mapmymcr: the old wellington innBack
For twenty years Tash Willcocks has worked in Manchester designing record covers for Elbow (Asleep in The Back, specifically), motion graphics for Mika’s world tour, and skateboards in collaboration with Linder Sterling; she has photographed freelancely for Jack Daniels and Arcadia, is part of Generic Greeting Collective, and for sixteen years she was a lecturer in Graphic Design at Salford University; right now she works as a programme leader at Hyper Island. This is by no means all, but it was as much as we could gather before Tash boarded a plane. Well, not quite all; she also told us this:
I’m a Cornish born,
unicorn with a pen for a horn.
In MCR I made my nest,
as this city is the best…
At day I teach,
On the Hyper Island beach.
At night I naps
and ink up maps.
I draw, I dance, doodle & drink, And like to sketch what people think…
*we have no teachers at HI but cannot rhyme Programme Leader
Those night-time inking activities are the focus for these pages. Tash hasn’t just lived and worked in Manchester for twenty years, she has bloody loved it, and looking at her MapMyMCR illustrations has reminded us of all the times we fell in love with Manchester, too. It’s a typographic project that is growing nightly, because there are no limits to Manchester, and no limits to memory, and no limits to love.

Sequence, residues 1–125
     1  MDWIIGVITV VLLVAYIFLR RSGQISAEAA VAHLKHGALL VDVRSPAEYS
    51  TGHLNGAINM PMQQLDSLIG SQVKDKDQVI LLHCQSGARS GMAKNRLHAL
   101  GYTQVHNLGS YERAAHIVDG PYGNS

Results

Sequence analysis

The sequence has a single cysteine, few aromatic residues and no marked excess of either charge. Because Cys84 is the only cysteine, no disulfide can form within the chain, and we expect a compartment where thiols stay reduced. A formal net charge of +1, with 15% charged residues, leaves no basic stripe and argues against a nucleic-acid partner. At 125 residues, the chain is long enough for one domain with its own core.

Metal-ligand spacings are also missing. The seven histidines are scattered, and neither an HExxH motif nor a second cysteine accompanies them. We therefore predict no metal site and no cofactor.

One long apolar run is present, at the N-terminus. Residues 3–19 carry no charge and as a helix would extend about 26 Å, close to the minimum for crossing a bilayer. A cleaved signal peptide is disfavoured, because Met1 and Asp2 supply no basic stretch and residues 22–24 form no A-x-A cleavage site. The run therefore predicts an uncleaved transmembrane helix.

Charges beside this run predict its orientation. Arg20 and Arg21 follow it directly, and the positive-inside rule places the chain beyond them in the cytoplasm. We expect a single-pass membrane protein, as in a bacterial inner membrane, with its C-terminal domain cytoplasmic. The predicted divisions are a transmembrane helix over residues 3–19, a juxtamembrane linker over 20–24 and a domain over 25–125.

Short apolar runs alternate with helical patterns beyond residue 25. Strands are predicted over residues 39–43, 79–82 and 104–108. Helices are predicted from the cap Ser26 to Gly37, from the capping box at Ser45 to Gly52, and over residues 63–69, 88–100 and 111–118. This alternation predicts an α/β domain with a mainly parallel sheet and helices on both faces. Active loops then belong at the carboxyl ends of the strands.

THE OLD WELLINGTON INN
This gorgeous pub was carried brick by brick from its old home in the Shambles and lovingly rebuilt in Hanging Ditch. I had dinner upstairs a long, long time ago as a record label treated us to fine foods — I felt completely at home with the low hanging beams that crisscross the ceilings and, though I was wearing heels in a vain attempt to look a little posh/grownup, I could still scamper around without having to bend down. I was feeling pretty good as I had a dress on that I had saved up all my tips for and had combed my star scattered hair. An old man with a at cap appeared during dinner and stopped me as I tried to escape to the loo. He had that dusty faded look of a ghost with almost clear blue eyes, a drinker’s nose speckled with age spots that brought a little colour to his face, and a at cap that glistened with the mist of rain that he had just avoided by entering the pub. “Ah, look at you!” he said — I smiled back with a rosy glow, that someone had at least noticed I had made an effort — “You look like a little chubby monkey.” My glow disappeared faster than E.T.’s dying in a ditch. I sulked off and he tried to follow me with more evil compliments — luckily misjudging a beam and smacking his head hard enough to knock his cap off and distract him as I took my leave to cry in the loo (I didn’t really cry — I’m tuffer than that).
Originally published in The City Talking: Manchester, issue 1